[Editor’s note: The following contains spoilers for “The Detour” Season 3 Episode 4, “The Goal.”]
The first scene that Natalie Zea ever directed for TV was the restaurant karaoke sequence from Tuesday night’s episode of “The Detour.” If two Broadway vets (Laura Benanti and Gideon Glick) singing “Almost Paradise” to Jason Jones’ Nate sounds like a tame scene description, know that it would still probably be one of the wildest scenes on most other TV comedies. For Zea, it was far from a simple first assignment (and not just because of the 360-degree camera move at the end when Nate and Zea’s character Robin reunite).
“That was my first scene that I directed. I was awful,” Zea told IndieWire with a laugh. “You have a lot to prove. It was feelings that I haven’t felt in a while. I’ve been acting for 20 years and when I walk onto a set, even when it’s a new show, there’s the jitters and the butterflies, but I know what I’m doing and I’m confident in that. With this, it was really like the first day of school.”
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Luckily, Zea had a former co-worker who had firsthand experience directing TV episodes during his own career.
“David Duchovny said, ‘The best piece of advice I’ll give you is — first of all, let the DP direct the episode.’ I was like, ‘OK, I’m not going to do that!’ (Our DP [Walt Lloyd] was incredible. I hope he comes with us forever.) Secondly, you’re going to be asked a shit-ton of questions. Never say I don’t know,” Zea said. “So I took that piece of advice and I was like, ‘Oh, that’s easy.’ So many times my mouth would open to say, ‘I d–.’ Even if I didn’t know the answer, I would say something. Anything. So that was a good piece of advice. If I can continue to take that advice, I’ll at least look like I can make decisions.”
Given the jam-packed shooting schedule of “The Detour” that handles some episodes out of sequence, Zea had a chance to come back for her next directing day with some added confidence.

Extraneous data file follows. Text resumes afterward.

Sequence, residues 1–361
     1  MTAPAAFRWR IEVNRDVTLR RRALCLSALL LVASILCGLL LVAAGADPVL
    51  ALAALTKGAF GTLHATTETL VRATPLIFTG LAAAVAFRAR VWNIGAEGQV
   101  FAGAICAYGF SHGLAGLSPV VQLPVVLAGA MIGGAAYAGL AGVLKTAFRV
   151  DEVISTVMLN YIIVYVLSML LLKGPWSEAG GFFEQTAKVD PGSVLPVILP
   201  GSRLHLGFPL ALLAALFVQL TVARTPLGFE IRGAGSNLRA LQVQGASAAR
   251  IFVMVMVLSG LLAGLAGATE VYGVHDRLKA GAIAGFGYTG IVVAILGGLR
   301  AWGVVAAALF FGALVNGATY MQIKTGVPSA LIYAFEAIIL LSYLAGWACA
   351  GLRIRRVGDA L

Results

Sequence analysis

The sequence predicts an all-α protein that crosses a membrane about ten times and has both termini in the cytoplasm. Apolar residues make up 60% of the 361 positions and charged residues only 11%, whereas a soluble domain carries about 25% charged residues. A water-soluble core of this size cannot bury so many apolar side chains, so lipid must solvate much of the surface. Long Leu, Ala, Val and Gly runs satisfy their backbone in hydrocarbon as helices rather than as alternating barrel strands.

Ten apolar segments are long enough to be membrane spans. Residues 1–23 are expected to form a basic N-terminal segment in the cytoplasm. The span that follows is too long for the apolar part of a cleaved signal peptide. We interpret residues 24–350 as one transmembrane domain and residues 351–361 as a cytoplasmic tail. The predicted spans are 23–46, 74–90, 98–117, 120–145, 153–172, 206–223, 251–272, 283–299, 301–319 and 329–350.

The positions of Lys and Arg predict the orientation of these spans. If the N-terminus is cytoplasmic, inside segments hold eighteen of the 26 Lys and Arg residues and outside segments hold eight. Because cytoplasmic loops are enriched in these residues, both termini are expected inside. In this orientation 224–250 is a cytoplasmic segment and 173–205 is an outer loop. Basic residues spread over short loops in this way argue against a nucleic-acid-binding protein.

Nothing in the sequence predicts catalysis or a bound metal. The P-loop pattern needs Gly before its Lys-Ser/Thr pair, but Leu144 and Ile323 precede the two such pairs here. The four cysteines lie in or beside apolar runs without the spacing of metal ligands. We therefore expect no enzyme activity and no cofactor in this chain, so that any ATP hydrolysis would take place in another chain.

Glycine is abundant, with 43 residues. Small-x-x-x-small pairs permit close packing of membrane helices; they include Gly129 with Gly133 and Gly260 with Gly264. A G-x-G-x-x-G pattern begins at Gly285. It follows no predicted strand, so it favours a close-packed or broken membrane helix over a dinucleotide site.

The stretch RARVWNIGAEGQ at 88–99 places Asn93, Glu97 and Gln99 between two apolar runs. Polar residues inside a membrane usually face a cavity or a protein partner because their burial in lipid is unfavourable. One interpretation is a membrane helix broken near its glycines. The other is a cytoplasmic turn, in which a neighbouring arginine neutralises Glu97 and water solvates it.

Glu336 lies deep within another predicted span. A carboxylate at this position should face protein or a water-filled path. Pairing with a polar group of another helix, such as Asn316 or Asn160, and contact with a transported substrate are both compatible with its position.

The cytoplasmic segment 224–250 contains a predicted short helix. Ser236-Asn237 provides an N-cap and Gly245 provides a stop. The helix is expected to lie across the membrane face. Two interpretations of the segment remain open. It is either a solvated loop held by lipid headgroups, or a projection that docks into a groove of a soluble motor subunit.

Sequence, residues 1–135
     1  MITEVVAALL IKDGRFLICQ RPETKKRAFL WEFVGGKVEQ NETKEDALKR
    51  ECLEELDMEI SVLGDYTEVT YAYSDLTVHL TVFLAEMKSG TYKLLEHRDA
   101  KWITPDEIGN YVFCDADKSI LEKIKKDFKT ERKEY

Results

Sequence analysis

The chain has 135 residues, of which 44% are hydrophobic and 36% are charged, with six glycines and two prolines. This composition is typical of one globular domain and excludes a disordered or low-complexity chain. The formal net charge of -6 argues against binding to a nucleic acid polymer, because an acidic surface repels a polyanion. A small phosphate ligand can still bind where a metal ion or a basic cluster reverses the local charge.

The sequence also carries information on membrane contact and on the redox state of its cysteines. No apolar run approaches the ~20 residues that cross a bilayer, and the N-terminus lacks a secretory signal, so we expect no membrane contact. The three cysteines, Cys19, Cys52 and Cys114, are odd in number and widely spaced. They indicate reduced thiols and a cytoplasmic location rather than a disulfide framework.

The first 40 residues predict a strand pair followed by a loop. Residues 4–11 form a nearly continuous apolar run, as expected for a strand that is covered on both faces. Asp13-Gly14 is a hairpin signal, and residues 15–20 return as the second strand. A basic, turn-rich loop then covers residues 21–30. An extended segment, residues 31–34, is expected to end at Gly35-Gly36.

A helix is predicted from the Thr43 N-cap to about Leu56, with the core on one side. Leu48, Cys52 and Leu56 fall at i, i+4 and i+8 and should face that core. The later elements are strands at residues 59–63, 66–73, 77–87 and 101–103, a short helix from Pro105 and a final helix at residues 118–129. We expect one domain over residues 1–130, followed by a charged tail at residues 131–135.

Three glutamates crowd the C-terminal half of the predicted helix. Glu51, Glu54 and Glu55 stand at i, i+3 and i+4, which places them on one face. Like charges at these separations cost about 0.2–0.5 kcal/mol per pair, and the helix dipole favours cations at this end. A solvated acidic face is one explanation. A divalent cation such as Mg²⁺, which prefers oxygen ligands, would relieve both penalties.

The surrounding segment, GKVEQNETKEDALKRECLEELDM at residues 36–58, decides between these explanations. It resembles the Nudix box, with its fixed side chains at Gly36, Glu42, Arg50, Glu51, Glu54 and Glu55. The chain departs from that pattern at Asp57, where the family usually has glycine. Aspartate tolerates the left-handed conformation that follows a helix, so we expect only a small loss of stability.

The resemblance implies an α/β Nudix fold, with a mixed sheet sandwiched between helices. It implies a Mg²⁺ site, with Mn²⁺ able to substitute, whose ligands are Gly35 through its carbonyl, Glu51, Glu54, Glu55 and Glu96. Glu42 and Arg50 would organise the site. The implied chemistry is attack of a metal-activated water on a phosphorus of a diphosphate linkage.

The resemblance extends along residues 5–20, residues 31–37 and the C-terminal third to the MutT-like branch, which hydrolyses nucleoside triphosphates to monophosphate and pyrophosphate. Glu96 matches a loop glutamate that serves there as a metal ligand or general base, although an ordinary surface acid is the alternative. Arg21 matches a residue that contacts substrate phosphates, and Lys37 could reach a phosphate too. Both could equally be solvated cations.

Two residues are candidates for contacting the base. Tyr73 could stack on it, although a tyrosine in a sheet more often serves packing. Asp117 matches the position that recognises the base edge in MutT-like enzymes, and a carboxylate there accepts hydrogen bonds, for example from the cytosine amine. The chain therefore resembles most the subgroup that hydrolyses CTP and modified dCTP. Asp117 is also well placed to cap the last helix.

“Around the second day, I was making definitive decisions and creative decisions. I remember looking at my watch and knowing that I was going to make the day early, which is all you ever want, especially if you’re new,” Zea said. “I still have a lot to learn, but I was surrounded by people who were incredibly helpful. You gotta get thrown in the deep end at some point.”
Another big challenge (aside from making sure the production schedule doesn’t get thrown off track)? Having to direct on-ice hockey sequences. She credits her frequent screen partner Jason Jones and executive producer/episode writer Brennan Shroff for guiding through a particularly physical day of shooting.
“Brennan Shroff was a lifesaver to me during that particular sequence,” Zea said. “The rest of the episode, I feel like I was very confident with. Even the dream sequence I had storyboarded because I was in the chair the whole time getting fat.”
That dream sequence, plucked from the mind of Benanti’s character Edie, originally featured a fantasy version of Robin with a much different voice to accompany her changed physical appearance (and sensible Clam Jam Box).
“When I saw the first cut of that, the pitch was so low. I sounded like Allison Janney on testosterone,” Zea said. “I was like, ‘Guys, that’s too much.’ So we ended up finding a happy medium with that. Jason wanted it lower and I said, ‘Dude, it’s just too weird.’ You don’t want people to turn it off because they’re like, ‘That’s too much.'”
Even though some of the episode’s hockey sequences were tricky to handle, it came after two full seasons of being on a set where she’s learned to always expect there to be an extra level to every scene of potential mortal peril.
“There’s so much blood used on this show,” Zea said. “We have a completely new crew every year. So every year we have to train makeup that it’s always going to be more blood. Always, always, always. More, more, more. Every time, whoever it is will bring a little 5-oz. and Jason will just roll his eyes and be like, ‘More!‘”
Between Robin’s on-screen antics and the chaos that Zea had to manage while making “The Goal,” working on “The Detour” has meant getting to do a little bit of everything. Sometimes it’s having a poignant, meaningful family moment. Other times, it’s riding a mechanical shark that’s painted to look like a whale.
“It’s a dream come true, because that’s all you want to do as an actor. You want to have your cake and eat it too and I get to do both of those things,” Zea said. “One day I’m in a half-shirt on whatever that thing was squirting — I think it was actually tartar sauce. Those extras. Poor guys. And then the next day, it’s just talking. I don’t know how I got this lucky.”
“The Detour” Season 3 airs Tuesday nights at 10:30 on TBS.